Olympus OM, Cannon FD, Fujinon M42 are my favorite brands/mounts right now, but there are several great options. Most vintage prime lenses with a max aperture of around f2 or faster will usually be outstanding. Just make sure the optics are clean.
I have said it before, and I will say it again – Ask everyone you know over the age of 50 if they have old film cameras or lenses. There are absolute gems sitting in attics and basements and people usually want to de-clutter.
Just for fun, here are some examples, all shot on a Lumix S5:
vintage lenses are fun and it’s hard to say which ones are best because there’s so many. all the suggestions above are great. there’s lots of gems in the 70’s and 80’s SLR lenses to find.
Contax-Yashica (CY) lenses were for a lens mount shared between the two manufacturers, but the lenses themselves are all Zeiss. there’s some really good options in that selection and the used prices have mostly stayed somewhat reasonable, just make sure you can find an adapter to your camera.
when possible, i also prefer using rangefinder lenses when possible on mirrorless, as the adapters are a lot smaller and it keeps the overall package a bit smaller, but the prices on these will be a bit higher. the minimum focusing distance on these is also a bit limited.
As a Fuji user that likes vintage lenses (mostly Pentax, a bit of Leica mount) you can cheat physics to a degree by getting a “lens turbo” or “speed booster” adapter that will bring the lens close to the original FOV. Optical elements, of course, so caveats related to image quality will apply.
speed boosters are very cool, but also expensive and (as far as I know) only adapt a single lens mount per product, so that cost can stack up unless you’re specifically adapting only EF lenses or something
These are great pictures, thanks for the advice too. I actually picked up an old Leica m3 for an absolute steal (caveat was an entire road trip to retrieve it and then waiting for a CLA), and it came with a 1961 elmar 50mm collabsible which I’m super excited to use. But, have been looking for a wider angle lens to use for street photography as well.
Some older Canon LTM’s have been recommended, I’ll have to see who else makes some screw mount stuff, as adapting these seems to be a lot cheaper than older bayonet mounts. Also seems like voigtlander has some nice modern, affordable options with a vintage vibe. Going to research it some more, thanks!
Side note, has anyone here heard of MS Optics? They’re lenses made by a single guy out of Japan, apparently build quality isn’t that great but they produce some beautiful pictures and are super compact. Was just wondering if anyone has any anecdotes. Seems like a peter blasser of lenses tbh…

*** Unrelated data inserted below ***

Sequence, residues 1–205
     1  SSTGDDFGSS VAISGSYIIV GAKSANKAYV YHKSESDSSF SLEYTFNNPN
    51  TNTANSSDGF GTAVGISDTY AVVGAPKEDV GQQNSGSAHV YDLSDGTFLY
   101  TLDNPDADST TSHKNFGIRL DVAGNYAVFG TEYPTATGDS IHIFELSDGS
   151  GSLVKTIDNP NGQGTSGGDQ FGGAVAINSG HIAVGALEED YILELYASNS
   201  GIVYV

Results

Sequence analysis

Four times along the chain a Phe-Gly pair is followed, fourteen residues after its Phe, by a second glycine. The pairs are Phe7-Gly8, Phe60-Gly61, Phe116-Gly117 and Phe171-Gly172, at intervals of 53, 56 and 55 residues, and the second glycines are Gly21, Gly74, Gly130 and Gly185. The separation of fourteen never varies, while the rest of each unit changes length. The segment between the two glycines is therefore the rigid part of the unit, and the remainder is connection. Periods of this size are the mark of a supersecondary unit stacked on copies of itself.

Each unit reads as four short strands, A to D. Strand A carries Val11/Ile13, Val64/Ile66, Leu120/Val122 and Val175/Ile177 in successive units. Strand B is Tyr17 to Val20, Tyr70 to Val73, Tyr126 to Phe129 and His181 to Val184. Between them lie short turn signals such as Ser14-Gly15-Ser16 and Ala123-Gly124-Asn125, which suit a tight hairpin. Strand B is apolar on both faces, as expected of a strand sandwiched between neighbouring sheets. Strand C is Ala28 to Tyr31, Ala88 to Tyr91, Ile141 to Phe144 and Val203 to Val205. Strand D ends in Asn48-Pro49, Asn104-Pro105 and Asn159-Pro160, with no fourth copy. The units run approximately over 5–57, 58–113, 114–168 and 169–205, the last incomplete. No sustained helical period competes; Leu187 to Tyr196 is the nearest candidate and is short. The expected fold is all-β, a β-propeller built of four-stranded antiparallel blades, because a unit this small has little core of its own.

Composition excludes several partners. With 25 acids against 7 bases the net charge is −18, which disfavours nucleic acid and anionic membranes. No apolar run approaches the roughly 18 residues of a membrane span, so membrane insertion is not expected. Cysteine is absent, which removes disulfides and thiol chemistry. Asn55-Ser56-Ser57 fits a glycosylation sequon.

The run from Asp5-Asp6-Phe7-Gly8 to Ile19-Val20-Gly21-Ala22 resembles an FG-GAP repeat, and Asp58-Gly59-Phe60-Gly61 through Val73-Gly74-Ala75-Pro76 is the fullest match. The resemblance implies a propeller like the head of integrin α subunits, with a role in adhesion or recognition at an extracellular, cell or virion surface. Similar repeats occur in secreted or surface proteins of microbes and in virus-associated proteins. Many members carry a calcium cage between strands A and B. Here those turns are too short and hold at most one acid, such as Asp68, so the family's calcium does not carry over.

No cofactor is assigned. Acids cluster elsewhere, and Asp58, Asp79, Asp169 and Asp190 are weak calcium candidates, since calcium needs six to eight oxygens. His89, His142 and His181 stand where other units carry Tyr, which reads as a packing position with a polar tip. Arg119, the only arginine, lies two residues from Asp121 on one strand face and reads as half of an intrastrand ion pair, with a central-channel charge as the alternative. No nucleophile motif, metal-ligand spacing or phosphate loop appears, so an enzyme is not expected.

FYI, if you get a speed booster for a lense mount with a short flange focal distance, it’s possible to stack passive adapters (metal tubes of the correct length with mounts) on them. Zhong yi optics/Mitakon do a speed booster for $99 (love it with my Pentax 50/1.2); I have a Sony version which I’ve had for about 8 years and works quite well. I also have (another brand) tilt and shift adapter which is fun, and a telescoping macro adapter. These type of adapters are part of what sold me on mirrorless.
I have the MS 50/1.1 and it is quirky but great.
I haven’t had an issue w/ the build quality but it can be tricky to nail focus if it isn’t set up correctly. There is a coma adjuster on the rear element so you can dial it in nicely. A photographer I used to work for gifted me an M8 about a decade ago that I use to make my coma adjustments before I use it on my film body.
I use a Canon FL 55 f1.2 with a metabones speed booster. I like it for black and white work… the coating is weird and Ive been told that the lens is (literally) radioactive. So I’m not sure I’d recommend it.
If I were to do the same thing now, though, I would buy the Oly 25mm f1.2 Pro. That lens is mind blogglingly good. They can be had for $750 used if you watch out for them. I have the 17mm Pro in the same line and it is the best lens I’ve ever used on any system… and I feel like the 25mm (50mm equiv) is better yet.
that’s good to know. i don’t know how universal this is, but early speed boosters did some have some optical optimization that relied on knowing what sort of lens mount to expect, so there may be some additional optical distortion involved in adapters on adapters.
25mm f1.2 Pro is my favourite lens of all time, it has a lot of the quality of an adapted vintage lens in terms of its contrast and colour rendition (with the feathered bokeh giving absolutely beautiful rendering of background foliage, points of light, anything you like) but with the bonus of modern autofocus, weather sealing, manual focus clutch and function button. For a couple of years I used nothing else on my EM1.3. I don’t have the 17mm but my impression is that the 17mm is sharper and is generally more highly rated in absolute terms, but I love that 25mm! “mind blogglingly” good is right!
Most of my photos are of my kids which I don’t share online, but here are a few examples of the rendering of this lens with busy backgrounds (all SOOC):